Fainting is a loss of consciousness that happens quickly and sometimes without warning. A fainting episode usually resolves within seconds to minutes. If fainting is caused by another condition, then the condition will need to be treated.
In general, fainting is caused by decreased blood flow to the brain.
Blood Flow to the Brain
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Decreased blood flow to the brain can be caused by:
Most commonly, vasovagal spells. Vasovagal spells can occur:
- During medical procedures
- During times of high stress, trauma, or fright
- After standing still for a long period of time
- Orthostatic hypotension, low blood pressure when standing
- Hypoglycemia, which is low blood sugar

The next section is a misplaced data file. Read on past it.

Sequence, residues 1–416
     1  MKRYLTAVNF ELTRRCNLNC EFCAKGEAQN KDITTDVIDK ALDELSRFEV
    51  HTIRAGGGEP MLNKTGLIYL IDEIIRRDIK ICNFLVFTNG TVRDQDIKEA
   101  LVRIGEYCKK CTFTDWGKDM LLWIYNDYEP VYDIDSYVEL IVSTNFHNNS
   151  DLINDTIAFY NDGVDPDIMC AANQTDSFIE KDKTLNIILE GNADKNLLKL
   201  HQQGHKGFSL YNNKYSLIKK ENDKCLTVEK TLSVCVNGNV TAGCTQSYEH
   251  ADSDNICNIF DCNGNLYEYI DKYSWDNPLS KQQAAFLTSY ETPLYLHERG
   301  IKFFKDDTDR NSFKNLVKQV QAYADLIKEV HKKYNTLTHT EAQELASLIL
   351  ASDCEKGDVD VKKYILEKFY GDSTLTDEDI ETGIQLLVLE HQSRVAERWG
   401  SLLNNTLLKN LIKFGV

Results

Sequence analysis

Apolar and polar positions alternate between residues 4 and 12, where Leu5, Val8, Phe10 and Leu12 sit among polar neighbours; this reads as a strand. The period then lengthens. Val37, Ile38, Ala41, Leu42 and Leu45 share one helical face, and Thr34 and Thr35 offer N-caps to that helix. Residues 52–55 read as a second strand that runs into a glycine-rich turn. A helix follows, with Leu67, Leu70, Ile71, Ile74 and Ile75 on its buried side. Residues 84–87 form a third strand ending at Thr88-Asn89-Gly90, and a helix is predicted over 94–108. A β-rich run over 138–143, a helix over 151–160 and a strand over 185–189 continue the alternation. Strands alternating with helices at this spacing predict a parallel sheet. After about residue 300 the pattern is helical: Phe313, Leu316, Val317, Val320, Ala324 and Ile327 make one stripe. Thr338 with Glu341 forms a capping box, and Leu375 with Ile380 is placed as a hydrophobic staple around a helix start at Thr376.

- Stroke or transient ischemic attack
- Abnormal heart rhythms
- Heart conditions
- Blood loss
Fainting can also occur as a side effect to medications. These include:
- Blood pressure medications
- Medications to regulate heart rhythms
- Certain antidepressants
Last reviewedJanuary 2015by Rimas Lukas, MD
Please be aware that this information is provided to supplement the care provided by your physician. It is neither intended nor implied to be a substitute for professional medical advice. CALL YOUR HEALTHCARE PROVIDER IMMEDIATELY IF YOU THINK YOU MAY HAVE A MEDICAL EMERGENCY. Always seek the advice of your physician or other qualified health provider prior to starting any new treatment or with any questions you may have regarding a medical condition.